James Berman is the president and founder of JBGlobal.com LLC, an SEC-registered investment advisory firm specializing in asset management for high-net-worth individuals and trusts. With over 16 years of experience managing client portfolios, Mr. Berman is a specialist in value investing and asset allocation. As the president of JBGlobal LLC, the general partner of the JBGlobal Fund LP, Mr. Berman manages a global equities fund that invests in the United States, Europe, and Asia.
Mr. Berman is a faculty member in the Finance Department of NYU (SCPS Division), where he teaches corporate finance. He also serves as subadvisor to Eitan Ventures LLC, a venture capital fund based in New York.
Mr. Berman has appeared on CNBC, the Fox News Channel, the Cavuto Show, and the Fox Business Channel and is frequently published and quoted in a variety of publications, including the Wall Street Journal, Barrons, Fortune, Bloomberg, and CNN Money. As a regular blogger for the Huffington Post, he covers financial topics ranging from hedge funds to the economy. He writes a monthly interactive investment letter, the Berman Value Folio, a Forbes/Trefis publication.
Mr. Berman received a BA (magna cum laude, Phi Beta Kappa) from Harvard University and a JD from Harvard Law School.
Q: Thank you for this interview, James. Can you tell us what your latest book, Lessons from the Lemonade Stand, is all about?
A: Written for aspiring investors of all ages,Lessons from the Lemonade Stand explains everything you need to know in the context of that most classic of all American businesses: the corner lemonade stand.
Rooted in the fundamental truth that “common sense is the best investment tool,” the book slices important concepts into simple sections, sweetening them with folksy, easy-to-read language. The trials and tribulations of lemonade stand owner Lucinda highlight every concept from interest rates to retirement accounts to leverage. Learn investment basics as you follow Lucinda Lemonade Inc. along its sweet (and sometimes sour) journey as a start-up, from the squeeze of the first lemon to its initial private equity deal and its eventual foray into tech, all in the tidy town of Lemonville.
Q: What kind of research did you do before and during the writing of your book?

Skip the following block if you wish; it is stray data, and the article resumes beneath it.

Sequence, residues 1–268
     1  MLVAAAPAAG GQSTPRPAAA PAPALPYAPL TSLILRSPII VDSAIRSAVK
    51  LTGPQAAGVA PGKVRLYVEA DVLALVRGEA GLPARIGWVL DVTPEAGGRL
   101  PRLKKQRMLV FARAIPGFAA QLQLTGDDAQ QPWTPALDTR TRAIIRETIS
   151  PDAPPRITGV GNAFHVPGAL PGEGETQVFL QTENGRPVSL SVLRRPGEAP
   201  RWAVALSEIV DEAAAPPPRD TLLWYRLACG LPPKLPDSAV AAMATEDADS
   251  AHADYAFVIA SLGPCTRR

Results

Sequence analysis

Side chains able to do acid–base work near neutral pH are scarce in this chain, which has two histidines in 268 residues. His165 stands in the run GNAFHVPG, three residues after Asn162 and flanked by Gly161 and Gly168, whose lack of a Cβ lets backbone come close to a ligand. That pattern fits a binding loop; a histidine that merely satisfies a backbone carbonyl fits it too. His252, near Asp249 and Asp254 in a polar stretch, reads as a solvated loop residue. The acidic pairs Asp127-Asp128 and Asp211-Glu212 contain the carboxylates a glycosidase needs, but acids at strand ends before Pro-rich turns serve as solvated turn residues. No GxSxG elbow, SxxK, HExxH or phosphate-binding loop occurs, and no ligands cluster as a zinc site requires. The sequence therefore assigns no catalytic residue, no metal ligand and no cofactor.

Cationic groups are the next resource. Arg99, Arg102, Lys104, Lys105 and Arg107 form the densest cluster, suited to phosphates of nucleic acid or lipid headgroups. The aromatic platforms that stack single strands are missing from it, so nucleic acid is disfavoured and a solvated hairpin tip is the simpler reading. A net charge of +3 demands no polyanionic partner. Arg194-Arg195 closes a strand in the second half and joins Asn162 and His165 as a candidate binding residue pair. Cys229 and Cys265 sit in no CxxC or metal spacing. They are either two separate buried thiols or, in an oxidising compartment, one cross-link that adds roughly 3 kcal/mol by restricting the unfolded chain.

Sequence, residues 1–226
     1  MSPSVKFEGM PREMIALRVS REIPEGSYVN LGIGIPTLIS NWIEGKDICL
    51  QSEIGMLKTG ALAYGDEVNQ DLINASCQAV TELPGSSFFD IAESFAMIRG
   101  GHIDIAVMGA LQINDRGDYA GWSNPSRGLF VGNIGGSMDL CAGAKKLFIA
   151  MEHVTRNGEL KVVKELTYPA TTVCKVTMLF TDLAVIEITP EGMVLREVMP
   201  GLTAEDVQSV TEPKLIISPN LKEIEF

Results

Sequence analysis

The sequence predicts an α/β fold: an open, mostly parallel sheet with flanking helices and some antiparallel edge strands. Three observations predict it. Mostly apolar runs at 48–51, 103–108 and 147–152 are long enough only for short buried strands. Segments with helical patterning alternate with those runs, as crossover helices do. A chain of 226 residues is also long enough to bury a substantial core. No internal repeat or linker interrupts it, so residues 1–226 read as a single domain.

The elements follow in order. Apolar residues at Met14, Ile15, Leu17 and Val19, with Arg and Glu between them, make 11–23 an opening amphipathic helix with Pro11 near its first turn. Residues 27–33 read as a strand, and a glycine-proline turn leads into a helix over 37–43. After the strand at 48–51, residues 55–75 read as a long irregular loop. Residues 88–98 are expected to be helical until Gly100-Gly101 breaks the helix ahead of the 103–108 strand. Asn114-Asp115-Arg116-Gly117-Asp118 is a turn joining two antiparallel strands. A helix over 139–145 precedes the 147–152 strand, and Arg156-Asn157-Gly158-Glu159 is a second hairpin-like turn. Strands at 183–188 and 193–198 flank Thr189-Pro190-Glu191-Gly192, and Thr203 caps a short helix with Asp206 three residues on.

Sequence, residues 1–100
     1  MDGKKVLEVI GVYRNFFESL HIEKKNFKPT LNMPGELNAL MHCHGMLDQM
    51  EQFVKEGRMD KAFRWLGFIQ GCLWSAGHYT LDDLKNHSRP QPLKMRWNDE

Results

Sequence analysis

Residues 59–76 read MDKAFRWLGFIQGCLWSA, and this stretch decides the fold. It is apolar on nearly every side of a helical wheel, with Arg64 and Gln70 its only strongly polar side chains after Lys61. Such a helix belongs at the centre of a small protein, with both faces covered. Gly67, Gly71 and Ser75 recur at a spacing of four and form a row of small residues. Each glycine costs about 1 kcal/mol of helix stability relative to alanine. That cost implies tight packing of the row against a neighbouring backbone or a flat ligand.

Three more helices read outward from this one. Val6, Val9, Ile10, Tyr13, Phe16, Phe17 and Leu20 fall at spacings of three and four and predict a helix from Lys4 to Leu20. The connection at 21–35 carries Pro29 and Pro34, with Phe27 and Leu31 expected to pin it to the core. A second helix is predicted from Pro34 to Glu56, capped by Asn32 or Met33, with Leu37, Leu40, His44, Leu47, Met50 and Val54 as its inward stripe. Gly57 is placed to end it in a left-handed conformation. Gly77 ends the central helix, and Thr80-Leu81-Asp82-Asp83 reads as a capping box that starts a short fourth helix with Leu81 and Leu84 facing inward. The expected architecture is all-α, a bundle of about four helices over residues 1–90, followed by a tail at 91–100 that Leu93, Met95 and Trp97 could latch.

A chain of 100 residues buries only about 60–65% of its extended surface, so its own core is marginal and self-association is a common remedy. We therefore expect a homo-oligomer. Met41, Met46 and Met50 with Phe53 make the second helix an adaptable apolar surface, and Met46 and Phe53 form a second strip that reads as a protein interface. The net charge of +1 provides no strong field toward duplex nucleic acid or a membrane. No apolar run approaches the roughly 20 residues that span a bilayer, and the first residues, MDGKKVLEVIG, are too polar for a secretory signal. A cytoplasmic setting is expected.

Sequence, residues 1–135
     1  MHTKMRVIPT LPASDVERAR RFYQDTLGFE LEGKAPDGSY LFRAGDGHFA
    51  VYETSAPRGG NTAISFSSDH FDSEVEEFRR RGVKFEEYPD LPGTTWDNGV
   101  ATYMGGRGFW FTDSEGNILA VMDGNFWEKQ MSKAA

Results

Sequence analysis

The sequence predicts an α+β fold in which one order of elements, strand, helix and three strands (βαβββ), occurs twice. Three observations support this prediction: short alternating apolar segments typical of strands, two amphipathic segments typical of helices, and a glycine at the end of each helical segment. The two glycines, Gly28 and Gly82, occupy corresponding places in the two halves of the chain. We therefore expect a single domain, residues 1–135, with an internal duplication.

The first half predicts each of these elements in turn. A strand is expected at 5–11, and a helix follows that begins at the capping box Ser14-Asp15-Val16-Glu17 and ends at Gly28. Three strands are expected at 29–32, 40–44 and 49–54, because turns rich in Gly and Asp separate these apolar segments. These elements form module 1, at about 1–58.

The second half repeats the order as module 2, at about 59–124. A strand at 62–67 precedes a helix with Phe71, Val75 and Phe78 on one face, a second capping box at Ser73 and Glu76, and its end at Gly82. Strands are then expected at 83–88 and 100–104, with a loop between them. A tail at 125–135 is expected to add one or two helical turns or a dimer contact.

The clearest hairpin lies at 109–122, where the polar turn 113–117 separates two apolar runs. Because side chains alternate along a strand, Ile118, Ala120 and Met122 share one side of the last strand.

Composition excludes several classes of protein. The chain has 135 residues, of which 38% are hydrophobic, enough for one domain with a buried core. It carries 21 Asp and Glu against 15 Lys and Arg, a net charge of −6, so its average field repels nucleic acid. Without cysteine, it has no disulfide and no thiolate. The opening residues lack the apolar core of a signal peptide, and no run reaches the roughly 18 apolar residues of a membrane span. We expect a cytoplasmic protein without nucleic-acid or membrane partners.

A: Because my book involved the simplification of material I deal with every day, I didn’t have to do much research. In fact, the bulk of my research concerned navigating my journey into the world of self-publishing.
Q: If a reader can come away from reading your book with one valuable message, what would that be?
A: The Lemonade Laws, of which there are ten:
- Every topic in the investment world can be broken down to the basic concept of supply and demand.
- If someone claims an investment is risk-free, run the other way.
- Bigger returns mean bigger risks.
- Hedging may help, but there’s always a cost to it.
- As Warren Buffett says, “If you’re smart, you don’t need leverage; if you’re dumb, it’ll ruin you.”
- You may not be able to count on your stocks, but you can always count on your taxes.
- By the time you invest in a foreign country, it shouldn’t be foreign to you.
- Owning a home is (still) the best investment of all.
- Investing without work is gambling: treat the market like roulette, and you’ll land on zero.
- Counterintuition, not intuition, is the investor’s best friend.
Q: Can you give us a short excerpt?
Investment is a common sense topic – not quite as common as tying your shoes or brushing your teeth. Yet we learned about it soon after we mastered those feats: when we opened our first lemonade stand.
If you were a young entrepreneur, you probably had a lemonade stand or maybe a bake sale or whatnot. I had my first business with my friend Justin: we sold lemonade, iced tea, and homemade peanut butter in front of my apartment building. You get the idea.
The investment world sounds complicated, but it can all be broken down to basic concepts. The most important is supply and demand, a fancy phrase for selling and buying — which is just another way to describe what goes on at lemonade stands across America on any summer day.